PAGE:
Equitably vs. Equally: How Should Couples Split Finances?

Here are some insights and solutions to ensure both partners feel valued and secure in their financial journey together.

Mia Barnes
November 24, 2023
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Money often sits at the intersection of love and logic. Whilst love binds couples together, the practicalities of financialmanagement can sometimes pull them apart.


The concept of a 50/50 split sounds straight forward, but in reality, couples rarely earn the same amount. Many facethe challenge to balance the scales between what is fair and what is equal in financial contributions.


Here are some insights and solutions to ensure both partners feel valued and secure in their financial journey together.

1.   Maintain Joint and Separate Bank Accounts

The debate between joint and separate accounts often creates unnecessary tension. However, you can pick more than one. Couples who maintain joint and separate accounts report higher levels of happiness than those with only one or the other.


A joint account for shared expenses like rent, utilities and groceries allows for a centralised, transparent way to manage collective financial responsibilities.


This approach aligns well with the concept of splitting finances equitably. For instance, the person earning more can contribute a larger percentage to the joint account, ensuring both partners contribute according to their means.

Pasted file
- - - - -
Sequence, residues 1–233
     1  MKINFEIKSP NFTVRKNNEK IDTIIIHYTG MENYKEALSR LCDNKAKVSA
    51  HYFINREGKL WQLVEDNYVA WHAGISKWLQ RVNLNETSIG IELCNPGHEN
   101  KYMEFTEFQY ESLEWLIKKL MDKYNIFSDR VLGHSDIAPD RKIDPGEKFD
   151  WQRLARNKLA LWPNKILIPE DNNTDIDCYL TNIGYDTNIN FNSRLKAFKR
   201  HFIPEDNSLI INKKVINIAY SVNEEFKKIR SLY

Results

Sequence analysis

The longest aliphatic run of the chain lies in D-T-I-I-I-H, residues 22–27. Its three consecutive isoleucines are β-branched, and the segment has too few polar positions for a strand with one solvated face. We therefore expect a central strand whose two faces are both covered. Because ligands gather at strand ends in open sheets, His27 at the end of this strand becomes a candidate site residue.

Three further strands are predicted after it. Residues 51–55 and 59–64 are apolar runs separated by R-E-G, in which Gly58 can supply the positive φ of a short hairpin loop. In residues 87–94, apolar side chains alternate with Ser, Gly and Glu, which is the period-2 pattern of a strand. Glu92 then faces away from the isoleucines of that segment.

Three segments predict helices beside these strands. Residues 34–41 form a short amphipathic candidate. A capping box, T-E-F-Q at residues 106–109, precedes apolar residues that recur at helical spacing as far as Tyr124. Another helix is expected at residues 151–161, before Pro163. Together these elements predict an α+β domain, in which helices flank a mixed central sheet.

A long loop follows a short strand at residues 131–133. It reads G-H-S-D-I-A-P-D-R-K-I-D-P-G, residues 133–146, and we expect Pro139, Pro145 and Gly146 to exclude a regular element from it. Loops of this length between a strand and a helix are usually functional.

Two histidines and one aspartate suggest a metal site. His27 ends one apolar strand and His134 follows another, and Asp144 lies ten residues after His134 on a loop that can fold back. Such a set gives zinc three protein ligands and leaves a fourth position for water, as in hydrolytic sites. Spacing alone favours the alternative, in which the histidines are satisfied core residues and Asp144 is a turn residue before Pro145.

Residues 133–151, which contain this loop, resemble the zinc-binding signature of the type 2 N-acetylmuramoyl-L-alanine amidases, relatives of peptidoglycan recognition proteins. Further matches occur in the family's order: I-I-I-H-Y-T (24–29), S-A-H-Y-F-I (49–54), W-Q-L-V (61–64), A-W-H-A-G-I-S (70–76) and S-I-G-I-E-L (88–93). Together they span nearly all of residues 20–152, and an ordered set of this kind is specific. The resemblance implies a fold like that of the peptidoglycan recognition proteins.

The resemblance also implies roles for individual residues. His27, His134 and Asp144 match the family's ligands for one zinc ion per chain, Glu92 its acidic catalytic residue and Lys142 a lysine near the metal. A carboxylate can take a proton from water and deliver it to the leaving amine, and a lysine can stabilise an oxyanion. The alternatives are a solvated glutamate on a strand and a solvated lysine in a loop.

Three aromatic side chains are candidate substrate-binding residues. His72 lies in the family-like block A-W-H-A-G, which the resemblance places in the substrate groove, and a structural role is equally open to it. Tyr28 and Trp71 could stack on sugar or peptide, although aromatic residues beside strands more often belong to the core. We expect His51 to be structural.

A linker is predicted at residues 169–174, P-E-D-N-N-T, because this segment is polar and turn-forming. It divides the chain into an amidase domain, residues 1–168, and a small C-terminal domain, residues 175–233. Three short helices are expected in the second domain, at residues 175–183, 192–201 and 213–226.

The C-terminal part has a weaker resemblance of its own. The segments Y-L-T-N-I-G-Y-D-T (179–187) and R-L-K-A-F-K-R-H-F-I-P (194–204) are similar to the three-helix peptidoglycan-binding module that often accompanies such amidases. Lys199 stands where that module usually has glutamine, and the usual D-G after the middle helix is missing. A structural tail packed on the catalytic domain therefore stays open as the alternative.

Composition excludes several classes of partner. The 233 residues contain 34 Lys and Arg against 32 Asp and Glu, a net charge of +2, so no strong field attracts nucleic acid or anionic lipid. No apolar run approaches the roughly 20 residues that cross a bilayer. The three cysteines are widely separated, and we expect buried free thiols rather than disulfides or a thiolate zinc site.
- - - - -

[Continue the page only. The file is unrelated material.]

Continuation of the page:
Meanwhile, separate accounts allow each partner to manage their own money without consulting each other for every purchase. This autonomy is particularly important for women increasingly taking control of their finances for a sense of empowerment.


Having joint and separate accounts allows couples to enjoy the benefits of shared financial goals while preserving individual freedoms.

2.   Adjust Financial Arrangements Regularly

In most dual-income families, one partner earns more than the other. This disparity in earnings can lead to financial strain if expenses are split down the middle.


Avoid this by regularly discussing finances with your partner. Understand each other's financial goals, comfort levels andpotential strains. As careers progress and money situations change, you must revisit and adjust your arrangements as needed.